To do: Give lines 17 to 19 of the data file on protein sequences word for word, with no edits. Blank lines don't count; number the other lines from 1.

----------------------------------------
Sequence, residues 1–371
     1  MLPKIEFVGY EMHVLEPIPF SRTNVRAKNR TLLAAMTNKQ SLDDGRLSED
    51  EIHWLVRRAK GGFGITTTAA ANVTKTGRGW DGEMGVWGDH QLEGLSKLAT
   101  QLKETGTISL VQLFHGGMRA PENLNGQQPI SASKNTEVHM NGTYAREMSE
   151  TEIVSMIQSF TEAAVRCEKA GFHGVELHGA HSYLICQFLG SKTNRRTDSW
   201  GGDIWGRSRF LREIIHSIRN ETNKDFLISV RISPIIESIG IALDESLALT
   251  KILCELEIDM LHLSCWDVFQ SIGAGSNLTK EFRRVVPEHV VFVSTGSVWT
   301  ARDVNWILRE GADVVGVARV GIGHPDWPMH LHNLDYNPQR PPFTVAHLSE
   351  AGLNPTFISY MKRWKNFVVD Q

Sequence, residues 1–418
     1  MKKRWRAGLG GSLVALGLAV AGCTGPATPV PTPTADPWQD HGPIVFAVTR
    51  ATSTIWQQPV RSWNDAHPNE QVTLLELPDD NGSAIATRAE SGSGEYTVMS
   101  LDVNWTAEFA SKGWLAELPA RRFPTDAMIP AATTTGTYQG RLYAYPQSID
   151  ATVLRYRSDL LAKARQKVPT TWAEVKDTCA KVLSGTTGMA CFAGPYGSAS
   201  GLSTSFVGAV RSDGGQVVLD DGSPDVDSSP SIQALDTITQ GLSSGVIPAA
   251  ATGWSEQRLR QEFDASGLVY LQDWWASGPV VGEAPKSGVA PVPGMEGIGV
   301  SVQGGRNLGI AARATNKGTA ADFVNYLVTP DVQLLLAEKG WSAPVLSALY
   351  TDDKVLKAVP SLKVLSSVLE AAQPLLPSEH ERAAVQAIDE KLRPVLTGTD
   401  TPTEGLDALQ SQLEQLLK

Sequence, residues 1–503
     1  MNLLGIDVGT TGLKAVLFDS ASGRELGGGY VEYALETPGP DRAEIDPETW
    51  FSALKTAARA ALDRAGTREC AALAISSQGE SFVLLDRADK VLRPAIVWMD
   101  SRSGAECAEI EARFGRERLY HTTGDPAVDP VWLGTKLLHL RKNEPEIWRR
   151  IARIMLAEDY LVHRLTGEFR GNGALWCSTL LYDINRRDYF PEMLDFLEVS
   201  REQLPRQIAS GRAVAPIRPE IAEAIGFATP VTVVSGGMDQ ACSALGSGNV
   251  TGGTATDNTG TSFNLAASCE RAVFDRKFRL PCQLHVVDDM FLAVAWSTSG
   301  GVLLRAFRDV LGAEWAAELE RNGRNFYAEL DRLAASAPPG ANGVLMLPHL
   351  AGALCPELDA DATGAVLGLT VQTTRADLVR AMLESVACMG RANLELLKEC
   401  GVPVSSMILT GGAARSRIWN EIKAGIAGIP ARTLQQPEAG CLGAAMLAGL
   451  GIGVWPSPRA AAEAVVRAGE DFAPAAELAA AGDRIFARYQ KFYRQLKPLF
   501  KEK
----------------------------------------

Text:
   301  SVQGGRNLGI AARATNKGTA ADFVNYLVTP DVQLLLAEKG WSAPVLSALY
   351  TDDKVLKAVP SLKVLSSVLE AAQPLLPSEH ERAAVQAIDE KLRPVLTGTD
   401  TPTEGLDALQ SQLEQLLK